Project: ”Let’s talk…”: Intimacy, migration and the possibilities of social solidarity
This project explores negotiations around love, intimacy, relationships and health in relation to dominating narratives on migration and belonging, among both young people with migratory experience and professionals within the educational system. Moreover, by combining ethnography with participatory and collaborative methods, the purpose is to examine the possibility of social solidarity and change for both groups.
Project manager Åsa Trulsson Project members Chris High, Anna Baral Financier The Swedish Research Council (Vetenskapsrådet), the Crafoord Foundation, Linnaeus University Centre for Concurrences in Colonial and Postcolonial Studies Timetable 1 May 2021–1 May 2025 Subject Cultural Sociology (Department of Cultural Sciences, Faculty of Arts and Humanities) and Peace and Development Studies (Department of Social Studies, Faculty of Social Sciences)
More about the project
Themes like intimacy, relations, gender equality, and sexual health are recurrent themes in contemporary debates on migration and integration in Sweden. Young people with migratory experiences are often portrayed as especially exposed or at risk with limited access to adequate support and care measures. They frequently become stigmatized as either sexual predators or passive victims of oppressive gender regimes and in need of specific interventions in order to integrate. At the same time, there is limited knowledge of the young people's own experiences and perspectives. Previous research also indicates that professionals working with migrants and refugees request more knowledge on these themes.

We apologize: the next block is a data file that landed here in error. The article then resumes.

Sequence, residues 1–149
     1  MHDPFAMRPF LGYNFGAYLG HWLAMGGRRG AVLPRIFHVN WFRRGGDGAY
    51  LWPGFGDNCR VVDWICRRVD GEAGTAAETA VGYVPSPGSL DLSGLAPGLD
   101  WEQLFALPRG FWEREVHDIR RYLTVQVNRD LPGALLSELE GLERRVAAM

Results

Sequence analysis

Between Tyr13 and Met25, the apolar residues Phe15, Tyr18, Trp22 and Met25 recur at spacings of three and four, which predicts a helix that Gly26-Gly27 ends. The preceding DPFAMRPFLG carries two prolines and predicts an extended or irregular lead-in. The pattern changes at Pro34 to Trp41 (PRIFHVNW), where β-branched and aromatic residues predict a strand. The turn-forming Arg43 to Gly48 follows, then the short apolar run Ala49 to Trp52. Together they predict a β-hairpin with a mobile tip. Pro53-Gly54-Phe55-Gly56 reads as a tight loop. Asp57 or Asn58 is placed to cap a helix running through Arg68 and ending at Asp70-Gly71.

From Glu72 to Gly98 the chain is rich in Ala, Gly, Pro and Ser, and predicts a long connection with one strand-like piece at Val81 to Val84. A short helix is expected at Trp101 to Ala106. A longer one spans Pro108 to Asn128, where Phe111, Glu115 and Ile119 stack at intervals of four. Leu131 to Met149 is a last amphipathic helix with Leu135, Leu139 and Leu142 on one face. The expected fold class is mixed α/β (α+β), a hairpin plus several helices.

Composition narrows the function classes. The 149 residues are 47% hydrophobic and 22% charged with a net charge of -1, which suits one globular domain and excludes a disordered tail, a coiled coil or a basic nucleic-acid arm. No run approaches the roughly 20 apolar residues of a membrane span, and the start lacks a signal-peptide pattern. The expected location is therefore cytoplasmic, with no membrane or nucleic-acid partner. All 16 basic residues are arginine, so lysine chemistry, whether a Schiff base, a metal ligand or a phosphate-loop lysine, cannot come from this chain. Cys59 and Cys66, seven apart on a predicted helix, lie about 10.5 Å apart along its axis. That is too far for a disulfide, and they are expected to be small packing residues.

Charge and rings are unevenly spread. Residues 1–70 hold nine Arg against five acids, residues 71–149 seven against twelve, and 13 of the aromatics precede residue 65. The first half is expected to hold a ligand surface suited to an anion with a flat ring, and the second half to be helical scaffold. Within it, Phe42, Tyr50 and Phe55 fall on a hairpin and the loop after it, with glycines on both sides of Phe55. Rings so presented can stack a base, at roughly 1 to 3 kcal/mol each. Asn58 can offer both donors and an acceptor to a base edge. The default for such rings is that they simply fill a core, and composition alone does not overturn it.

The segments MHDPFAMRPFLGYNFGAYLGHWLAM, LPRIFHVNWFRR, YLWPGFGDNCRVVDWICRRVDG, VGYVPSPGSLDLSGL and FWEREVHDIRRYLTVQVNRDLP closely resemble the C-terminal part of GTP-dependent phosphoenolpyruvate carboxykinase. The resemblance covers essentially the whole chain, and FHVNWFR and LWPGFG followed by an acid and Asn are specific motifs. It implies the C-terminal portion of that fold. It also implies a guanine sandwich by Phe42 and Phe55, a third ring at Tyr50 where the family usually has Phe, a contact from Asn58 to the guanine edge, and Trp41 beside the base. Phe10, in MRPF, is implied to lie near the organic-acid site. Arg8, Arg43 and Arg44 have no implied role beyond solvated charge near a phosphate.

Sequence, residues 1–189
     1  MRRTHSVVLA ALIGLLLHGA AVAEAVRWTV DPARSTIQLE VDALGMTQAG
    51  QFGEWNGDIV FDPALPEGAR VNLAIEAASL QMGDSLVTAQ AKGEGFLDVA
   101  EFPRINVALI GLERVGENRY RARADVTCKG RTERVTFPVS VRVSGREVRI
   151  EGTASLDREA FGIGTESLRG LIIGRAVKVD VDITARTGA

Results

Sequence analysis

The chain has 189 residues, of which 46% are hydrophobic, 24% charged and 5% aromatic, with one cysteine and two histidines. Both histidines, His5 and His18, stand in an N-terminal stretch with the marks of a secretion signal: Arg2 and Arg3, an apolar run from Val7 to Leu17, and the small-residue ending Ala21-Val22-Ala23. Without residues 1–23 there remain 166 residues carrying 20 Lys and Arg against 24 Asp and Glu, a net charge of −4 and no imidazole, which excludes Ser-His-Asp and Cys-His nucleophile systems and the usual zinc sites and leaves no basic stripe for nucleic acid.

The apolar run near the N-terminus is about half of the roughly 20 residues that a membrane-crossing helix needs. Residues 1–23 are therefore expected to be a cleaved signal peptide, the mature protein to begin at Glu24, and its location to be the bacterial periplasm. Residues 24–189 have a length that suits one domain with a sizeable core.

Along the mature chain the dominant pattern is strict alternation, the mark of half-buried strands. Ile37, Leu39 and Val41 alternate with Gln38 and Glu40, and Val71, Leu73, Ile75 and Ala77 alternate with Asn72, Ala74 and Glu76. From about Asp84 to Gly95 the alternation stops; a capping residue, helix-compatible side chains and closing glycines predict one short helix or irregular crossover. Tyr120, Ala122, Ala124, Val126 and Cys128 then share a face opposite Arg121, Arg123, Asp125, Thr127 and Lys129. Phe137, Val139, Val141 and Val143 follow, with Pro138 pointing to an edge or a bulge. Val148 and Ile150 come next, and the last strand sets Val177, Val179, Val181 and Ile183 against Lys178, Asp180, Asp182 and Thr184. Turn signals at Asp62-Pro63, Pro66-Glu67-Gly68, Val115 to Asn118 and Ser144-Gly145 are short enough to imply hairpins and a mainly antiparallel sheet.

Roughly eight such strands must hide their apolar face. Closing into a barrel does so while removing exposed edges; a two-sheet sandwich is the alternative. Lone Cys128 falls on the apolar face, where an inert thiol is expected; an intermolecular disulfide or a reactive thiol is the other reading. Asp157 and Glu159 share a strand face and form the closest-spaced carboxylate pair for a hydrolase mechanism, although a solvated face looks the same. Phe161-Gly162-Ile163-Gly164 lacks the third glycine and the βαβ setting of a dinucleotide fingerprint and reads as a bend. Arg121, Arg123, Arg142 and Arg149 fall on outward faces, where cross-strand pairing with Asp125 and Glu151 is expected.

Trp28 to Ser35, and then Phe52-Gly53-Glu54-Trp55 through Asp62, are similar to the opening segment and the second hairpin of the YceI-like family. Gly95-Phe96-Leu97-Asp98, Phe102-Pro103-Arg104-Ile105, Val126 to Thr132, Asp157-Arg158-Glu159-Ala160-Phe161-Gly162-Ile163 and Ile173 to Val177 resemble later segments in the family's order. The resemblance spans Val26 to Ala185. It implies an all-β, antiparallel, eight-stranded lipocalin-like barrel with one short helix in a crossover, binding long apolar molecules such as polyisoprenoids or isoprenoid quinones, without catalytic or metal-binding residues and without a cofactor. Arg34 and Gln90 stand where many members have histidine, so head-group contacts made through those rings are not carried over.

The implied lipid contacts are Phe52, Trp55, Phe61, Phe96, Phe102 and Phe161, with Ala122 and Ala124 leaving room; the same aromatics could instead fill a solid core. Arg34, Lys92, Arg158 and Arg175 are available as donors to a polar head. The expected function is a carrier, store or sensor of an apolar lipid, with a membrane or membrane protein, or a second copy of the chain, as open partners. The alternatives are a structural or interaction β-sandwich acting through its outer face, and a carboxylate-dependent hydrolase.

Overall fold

The first purpose of the project is to explore how the above themes are experienced and negotiated by different actors in their everyday life. The focus is on young people with experience of migration, and professionals within the educational system, an arena that is essential for the wellbeing, resilience, and sense of belonging for the young people concerned. The perspectives and experiences of both groups are documented through interviews, focus groups, and participant observation.
Further, by a combination of ethnography and participatory media production and narrative methods, the project critically investigates the potential of change and social solidarity. The project uses participatory methods such as digital storytelling, participatory video, and photovoice. Methodologically, these methods are reflexive, enabling participants to more freely express everyday concerns and hence provide a gateway to an understanding of how daily events can become meaningful. They allow participants to formulate central concerns for more extensive research and/or action. Both young people with migratory experience and professionals within the educational system are invited to participate in workshops featuring these methods as well as dialogue and critical reflection. The aim is to both initiate and critically investigate change for both groups. Thus, the project has the potential to promote health literacy, critical reflection, and skills for working with fundamental values, social solidarity, and sexual health within school contexts.